It seems like only recently, startups would hire folks to do just about everything, all at once, and then somehow, we’ve arrived at a ‘Product Manager of Paytm Experience’. How tunnel vision syndrome is eroding the startup spirit.
Recently, a startup valued at around half a billion dollars laid off 10 of its Product Managers, leaving them with another 30. Just last year, the same startup hired Product guys at 20–30% premium from the market at average CTCs well over ₹20L. Even more intriguing, some of these guys were techie turned MBAs with less than four years’ experience. Having always been on the sales side of things, where one had to justify a minimum of 4x one’s salary to the company, I was fascinated by this lot. What did they do that was worth that much money?
One product guy I spoke to said he managed Paytm experience; which meant he had to ensure there were no drop-offs when the user chose to pay through Paytm. He also said he was mandated to prioritise payment through Paytm. And there were similar folks for each of the other alternate payment processes. “But, is Paytm the most competitive payment solution?”, I asked. He didn’t care, really. All that mattered was ‘mukesh23’ got through paying on the platform without, gods forbid, choosing to click on the refresh button. Even better if he came through one of the exclusive Paytm promotions that he had brokered with his counterpart from the other side.
Evidently, the metric for success — # completed transactions, is not entirely off-base. A good product guy could save the company millions, potentially. But, on closer observation it seems as though his chutzpah might also cost the company millions, if not more. In the above case, there are several problems with how the roles are structured. What if Paytm wasn’t the best payment option on the platform? What if (plain conjecture, here) it were costlier, for instance? What if these users exited the native platform at rates higher than average?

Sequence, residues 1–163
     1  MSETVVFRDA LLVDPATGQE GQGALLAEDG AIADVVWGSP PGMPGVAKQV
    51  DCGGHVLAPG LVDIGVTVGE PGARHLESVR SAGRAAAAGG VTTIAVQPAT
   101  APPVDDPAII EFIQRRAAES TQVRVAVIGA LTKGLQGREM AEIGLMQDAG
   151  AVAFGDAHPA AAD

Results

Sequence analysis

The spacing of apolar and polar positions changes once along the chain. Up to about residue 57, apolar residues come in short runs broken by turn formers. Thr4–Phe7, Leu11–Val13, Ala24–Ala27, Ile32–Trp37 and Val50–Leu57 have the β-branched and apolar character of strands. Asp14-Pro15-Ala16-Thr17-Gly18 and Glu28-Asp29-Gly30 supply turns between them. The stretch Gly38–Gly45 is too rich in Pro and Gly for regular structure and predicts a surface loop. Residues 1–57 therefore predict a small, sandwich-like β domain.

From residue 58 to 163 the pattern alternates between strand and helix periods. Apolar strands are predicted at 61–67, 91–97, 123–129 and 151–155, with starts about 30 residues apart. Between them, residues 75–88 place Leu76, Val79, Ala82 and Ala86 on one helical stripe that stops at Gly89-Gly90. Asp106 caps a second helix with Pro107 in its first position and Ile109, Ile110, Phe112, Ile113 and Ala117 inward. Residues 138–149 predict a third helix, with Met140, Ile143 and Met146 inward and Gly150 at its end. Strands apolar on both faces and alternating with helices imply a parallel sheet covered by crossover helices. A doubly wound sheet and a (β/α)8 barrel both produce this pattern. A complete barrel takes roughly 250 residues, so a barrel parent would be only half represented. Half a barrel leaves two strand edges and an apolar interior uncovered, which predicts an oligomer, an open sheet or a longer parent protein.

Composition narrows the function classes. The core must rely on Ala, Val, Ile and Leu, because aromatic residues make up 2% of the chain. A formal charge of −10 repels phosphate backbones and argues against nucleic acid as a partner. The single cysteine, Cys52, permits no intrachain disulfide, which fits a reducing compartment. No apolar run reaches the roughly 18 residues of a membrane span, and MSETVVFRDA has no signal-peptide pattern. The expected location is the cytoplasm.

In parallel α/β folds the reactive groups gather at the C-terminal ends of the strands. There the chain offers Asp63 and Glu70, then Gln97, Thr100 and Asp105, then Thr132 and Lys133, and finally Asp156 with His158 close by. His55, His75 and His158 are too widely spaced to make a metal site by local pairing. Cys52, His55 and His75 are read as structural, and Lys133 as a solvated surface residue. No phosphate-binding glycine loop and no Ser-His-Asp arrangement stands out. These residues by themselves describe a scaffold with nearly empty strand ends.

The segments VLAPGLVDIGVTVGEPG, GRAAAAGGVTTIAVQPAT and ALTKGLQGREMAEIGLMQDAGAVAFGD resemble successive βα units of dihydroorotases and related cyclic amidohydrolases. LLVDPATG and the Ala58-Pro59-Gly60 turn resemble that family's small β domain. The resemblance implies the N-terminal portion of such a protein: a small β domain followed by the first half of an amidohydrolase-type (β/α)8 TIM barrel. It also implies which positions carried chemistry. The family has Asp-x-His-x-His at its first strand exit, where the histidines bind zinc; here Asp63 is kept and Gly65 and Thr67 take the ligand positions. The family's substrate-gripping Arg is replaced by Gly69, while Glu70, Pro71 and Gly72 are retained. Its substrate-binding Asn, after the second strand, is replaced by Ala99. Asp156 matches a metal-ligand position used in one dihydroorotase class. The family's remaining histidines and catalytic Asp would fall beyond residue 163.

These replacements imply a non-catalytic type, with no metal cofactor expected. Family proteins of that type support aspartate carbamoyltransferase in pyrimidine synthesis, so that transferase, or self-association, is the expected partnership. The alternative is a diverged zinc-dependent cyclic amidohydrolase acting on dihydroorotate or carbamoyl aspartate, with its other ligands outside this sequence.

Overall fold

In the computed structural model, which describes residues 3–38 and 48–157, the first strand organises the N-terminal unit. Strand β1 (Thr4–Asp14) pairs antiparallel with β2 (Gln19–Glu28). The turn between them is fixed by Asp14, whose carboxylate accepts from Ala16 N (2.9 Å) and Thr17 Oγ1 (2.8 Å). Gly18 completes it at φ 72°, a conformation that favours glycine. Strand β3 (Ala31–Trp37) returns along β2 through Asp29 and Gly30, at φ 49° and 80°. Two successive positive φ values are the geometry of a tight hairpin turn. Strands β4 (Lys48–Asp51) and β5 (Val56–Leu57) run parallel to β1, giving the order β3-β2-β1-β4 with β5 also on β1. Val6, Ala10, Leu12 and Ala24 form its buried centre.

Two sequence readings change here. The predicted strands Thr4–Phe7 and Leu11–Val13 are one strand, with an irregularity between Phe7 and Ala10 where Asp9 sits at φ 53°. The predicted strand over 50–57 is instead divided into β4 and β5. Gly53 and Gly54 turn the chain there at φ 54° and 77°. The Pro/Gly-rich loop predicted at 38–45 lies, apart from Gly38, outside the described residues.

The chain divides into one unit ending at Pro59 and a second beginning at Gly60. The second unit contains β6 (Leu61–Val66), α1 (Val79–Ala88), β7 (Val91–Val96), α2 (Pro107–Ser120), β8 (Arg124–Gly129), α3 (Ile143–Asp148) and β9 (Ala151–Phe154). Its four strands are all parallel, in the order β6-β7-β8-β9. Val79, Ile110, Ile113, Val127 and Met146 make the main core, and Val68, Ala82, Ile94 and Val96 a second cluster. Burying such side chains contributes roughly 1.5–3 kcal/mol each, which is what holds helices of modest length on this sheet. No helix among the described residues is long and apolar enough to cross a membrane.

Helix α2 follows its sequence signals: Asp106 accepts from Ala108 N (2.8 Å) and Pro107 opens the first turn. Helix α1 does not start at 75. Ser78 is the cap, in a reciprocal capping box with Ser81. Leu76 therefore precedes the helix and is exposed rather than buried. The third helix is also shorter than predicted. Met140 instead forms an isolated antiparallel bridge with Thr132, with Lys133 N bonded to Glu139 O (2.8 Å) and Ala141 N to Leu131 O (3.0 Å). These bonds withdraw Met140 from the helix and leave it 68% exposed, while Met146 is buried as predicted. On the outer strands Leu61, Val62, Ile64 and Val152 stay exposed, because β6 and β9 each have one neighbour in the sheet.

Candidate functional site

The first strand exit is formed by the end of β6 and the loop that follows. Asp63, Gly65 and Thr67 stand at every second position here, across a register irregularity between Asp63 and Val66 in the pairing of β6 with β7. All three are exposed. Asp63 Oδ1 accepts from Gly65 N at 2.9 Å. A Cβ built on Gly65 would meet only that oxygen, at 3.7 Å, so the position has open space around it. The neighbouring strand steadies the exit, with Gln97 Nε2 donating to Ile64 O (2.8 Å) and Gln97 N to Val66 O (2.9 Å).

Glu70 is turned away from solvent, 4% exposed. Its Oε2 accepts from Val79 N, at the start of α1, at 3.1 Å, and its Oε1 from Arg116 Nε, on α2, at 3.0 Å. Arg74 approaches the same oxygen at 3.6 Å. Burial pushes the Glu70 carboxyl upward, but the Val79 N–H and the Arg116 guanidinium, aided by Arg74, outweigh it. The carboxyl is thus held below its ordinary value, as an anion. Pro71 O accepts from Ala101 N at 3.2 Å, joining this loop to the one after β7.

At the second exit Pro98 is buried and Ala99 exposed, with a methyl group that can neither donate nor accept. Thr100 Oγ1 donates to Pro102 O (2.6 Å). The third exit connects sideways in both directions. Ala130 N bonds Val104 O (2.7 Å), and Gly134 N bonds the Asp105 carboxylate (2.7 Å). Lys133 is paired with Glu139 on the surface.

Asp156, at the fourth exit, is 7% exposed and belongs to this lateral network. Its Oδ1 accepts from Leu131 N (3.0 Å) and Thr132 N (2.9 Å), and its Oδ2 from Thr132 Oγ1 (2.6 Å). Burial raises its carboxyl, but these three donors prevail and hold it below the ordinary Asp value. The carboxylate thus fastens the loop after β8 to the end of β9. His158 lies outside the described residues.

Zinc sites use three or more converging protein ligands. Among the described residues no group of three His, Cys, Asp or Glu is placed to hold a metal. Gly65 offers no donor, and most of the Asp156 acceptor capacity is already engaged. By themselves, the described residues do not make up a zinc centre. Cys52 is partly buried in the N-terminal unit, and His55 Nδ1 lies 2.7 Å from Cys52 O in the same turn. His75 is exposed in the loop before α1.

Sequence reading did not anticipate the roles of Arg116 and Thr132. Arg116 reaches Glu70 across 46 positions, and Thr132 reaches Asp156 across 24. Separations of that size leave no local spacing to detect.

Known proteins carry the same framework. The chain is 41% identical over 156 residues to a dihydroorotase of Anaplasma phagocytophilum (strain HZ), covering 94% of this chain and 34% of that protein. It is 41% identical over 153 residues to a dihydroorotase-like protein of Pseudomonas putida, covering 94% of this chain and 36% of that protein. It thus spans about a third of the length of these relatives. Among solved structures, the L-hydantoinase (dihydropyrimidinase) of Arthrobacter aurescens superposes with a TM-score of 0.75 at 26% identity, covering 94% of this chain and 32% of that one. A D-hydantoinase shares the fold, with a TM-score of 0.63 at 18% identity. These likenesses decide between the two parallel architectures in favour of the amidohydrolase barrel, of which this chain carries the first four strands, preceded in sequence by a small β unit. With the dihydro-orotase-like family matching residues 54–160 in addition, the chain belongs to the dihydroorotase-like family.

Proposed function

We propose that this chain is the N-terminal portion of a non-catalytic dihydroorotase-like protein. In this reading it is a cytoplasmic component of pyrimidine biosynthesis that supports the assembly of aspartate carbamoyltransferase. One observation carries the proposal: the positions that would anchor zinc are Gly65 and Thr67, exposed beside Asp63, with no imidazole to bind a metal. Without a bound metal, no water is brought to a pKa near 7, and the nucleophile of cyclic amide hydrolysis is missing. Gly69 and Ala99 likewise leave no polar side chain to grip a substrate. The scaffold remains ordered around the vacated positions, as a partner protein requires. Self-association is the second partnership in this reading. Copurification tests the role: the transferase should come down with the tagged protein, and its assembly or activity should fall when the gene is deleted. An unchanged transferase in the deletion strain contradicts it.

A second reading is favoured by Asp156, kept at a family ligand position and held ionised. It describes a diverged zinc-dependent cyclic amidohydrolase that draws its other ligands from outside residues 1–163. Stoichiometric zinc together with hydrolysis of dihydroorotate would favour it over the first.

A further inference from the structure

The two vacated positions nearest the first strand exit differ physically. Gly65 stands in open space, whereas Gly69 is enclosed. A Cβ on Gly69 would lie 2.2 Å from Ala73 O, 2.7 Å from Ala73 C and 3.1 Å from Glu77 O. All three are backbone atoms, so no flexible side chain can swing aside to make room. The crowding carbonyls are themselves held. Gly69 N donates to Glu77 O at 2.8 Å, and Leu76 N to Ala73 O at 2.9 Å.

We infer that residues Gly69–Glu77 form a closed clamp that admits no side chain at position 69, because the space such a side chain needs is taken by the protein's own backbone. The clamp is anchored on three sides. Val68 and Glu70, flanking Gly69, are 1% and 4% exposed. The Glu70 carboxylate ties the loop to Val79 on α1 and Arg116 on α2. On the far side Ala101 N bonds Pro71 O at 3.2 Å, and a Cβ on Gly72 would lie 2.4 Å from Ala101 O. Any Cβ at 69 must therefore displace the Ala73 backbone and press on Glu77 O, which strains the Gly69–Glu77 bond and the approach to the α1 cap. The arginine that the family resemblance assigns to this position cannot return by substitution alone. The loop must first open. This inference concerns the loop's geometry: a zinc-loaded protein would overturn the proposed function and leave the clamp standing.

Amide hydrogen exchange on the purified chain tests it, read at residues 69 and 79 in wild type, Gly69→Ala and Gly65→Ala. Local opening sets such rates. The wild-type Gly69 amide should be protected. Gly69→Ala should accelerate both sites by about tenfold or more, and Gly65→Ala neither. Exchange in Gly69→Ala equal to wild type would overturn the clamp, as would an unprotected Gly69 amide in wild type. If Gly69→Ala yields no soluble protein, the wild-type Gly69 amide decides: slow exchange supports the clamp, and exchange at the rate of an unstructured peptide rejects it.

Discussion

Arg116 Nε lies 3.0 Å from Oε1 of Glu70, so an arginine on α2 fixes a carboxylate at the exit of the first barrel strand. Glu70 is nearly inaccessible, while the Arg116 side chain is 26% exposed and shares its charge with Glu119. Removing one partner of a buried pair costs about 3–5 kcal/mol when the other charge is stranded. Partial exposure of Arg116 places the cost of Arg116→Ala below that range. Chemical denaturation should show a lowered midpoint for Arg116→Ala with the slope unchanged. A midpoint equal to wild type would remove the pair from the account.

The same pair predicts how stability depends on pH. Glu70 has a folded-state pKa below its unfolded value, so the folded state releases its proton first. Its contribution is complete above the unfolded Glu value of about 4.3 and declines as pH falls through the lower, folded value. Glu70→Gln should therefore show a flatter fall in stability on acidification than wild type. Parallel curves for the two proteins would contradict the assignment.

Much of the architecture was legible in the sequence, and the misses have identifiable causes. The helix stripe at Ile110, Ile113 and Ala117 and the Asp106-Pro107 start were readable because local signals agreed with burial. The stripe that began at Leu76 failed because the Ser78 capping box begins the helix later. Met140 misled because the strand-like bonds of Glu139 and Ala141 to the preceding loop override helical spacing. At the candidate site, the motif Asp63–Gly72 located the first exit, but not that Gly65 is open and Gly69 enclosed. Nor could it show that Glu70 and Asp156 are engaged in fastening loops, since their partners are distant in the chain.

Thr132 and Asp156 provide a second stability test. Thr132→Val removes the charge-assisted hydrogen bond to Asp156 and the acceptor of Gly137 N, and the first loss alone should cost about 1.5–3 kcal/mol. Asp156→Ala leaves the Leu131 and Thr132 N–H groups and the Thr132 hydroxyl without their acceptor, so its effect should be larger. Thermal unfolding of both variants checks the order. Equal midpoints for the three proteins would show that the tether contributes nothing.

Let’s leave those seemingly troubling questions aside for a moment. What does one do to improve a third party payment experience? Mainly, vary size and placement of the button, apparently. Turns out, there isn’t much you can do. But, that doesn’t mean you can’t do nothing. So, if you notice a needless “improvement” in your experience, know that some Product Manager’s review is forthcoming. Then, is it a surprise, really, that when things take a turn for the worse, these lot are first in the line of fire? I was surprised, though, to understand that a lot of them were entirely at peace with the transitional nature of their employment. 30% elsewhere, then.
This is not restricted to Product folks alone, although it does seem like in recent years it has become a “get rich scheme” of sorts for some techies with an acute propensity to bullshit their way through things. I see Marketing Managers who can’t / won’t write a line of copy or tweak keywords on their website. I see Designers who can’t / won’t code simple HTML or work on user personas and flow maps. I see Engineers who can’t / won’t test their code or learn how to write coherent software requirement specifications. This is manifestly due to the over-specialisation of roles and warped organisation structures in these startups. Ergo, the bleeding disinterest.